Tuesday, May 15, 2012

TeenSTAR: Why is it so controversial?

TeenSTAR Program Challenges Sex Ed Approach
by Amanda Pawloski

NEW YORK, February 17 (C-FAM) The latest round of budget battles in Washington, D.C. concerning foreign aid underscore a decades-long battle involving what values should be imparted to youth regarding sex. An International Planned Parenthood Federation (IPPF) declaration on sexual rights issued last year is highly touted at international events and demonstrates how many liberal organizations view young people’s sexuality. The declaration amounts something like a manifesto of pleasure, and particularly asserts youth are bearers of “sexual rights.” The focus on youth at the UN has been to liberate them from their parents in the name of sexual rights.

Yet, Dr. Hanna Klaus’ Teen STAR (Sexuality Teaching in the context of Adult Responsibility) program is challenging that assumption. Klaus is an OB/GYN doctor and religious sister with the Medical Mission Sisters. Her abstinence education course has become an international phenomenon, receiving positive feedback from its participants. One Ethiopian mother stated, “my daughter taught me about menstruation.” 

Teen STAR does not fit into either the abstinence-only or comprehensive sex education category, since they offer information on how to control fertility through one’s natural cycle, otherwise known as natural family planning. “We do not control people by withholding information, we teach anybody and it is up to them to use their free will,” says Klaus.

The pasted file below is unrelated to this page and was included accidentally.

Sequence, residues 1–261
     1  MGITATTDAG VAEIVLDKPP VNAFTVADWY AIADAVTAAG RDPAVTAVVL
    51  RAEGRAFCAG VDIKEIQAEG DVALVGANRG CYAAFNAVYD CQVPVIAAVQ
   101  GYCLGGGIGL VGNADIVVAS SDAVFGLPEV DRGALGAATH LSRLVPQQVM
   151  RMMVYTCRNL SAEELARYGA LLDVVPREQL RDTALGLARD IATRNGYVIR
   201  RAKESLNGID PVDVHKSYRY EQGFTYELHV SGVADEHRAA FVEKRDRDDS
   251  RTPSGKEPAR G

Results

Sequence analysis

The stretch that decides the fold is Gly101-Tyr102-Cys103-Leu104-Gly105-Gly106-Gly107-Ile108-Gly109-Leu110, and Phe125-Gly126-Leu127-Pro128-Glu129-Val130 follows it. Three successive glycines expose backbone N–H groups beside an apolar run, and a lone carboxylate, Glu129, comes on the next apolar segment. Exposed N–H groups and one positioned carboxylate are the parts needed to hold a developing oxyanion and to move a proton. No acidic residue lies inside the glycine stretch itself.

In December 2006 Klaus began receiving funds for her program from the US Agency for International Development for HIV prevention. “Abstinence prevents everything, you essentially kill two birds with one stone,” said Klaus. “People will still exert their will no matter what you do.”
However, critics also abound, and a complaint was filed against Teen STAR in October 2007 by the Center for Reproductive Rights. Homosexual activists, posing as Scandinavian interns, initiated the original complaint. The Center for Reproductive Rights describes Teen STAR as “a discriminatory, gender-biased and medically inaccurate extra-curricula sex education program.” The case has since been resolved in favor of Teen STAR.

The attack on Teen STAR’s funding was part of a larger campaign from the Center for Reproductive Rights to de-fund all abstinence education programs supported by USAID and PEPFAR because they do not promote condoms or inform about abortion. When the Obama administration cut funding to all abstinence-only programs, Teen STAR also lost grant money.

The program is designed to inform teens about natural fertility cycles while encouraging them to wait for marriage. Teen STAR has been working to improve tracking outcomes to provide accurate long-term data on its success rates. Klaus notes that the short-term tracking has always demonstrated a reduction in sexual activity.

Most people put contraception and abstinence on the same line, but there is a huge difference in controlling behavior through respect versus isolating fertility,” says Klaus. “Contraceptive programs have very limited effectiveness in that regard.”

In conjunction with their program Teen STAR hosts parent meetings where the instructors explain what will be taught to the children. The program is careful to be sensitive to what parents have already chosen for themselves regarding family planning.

No comments: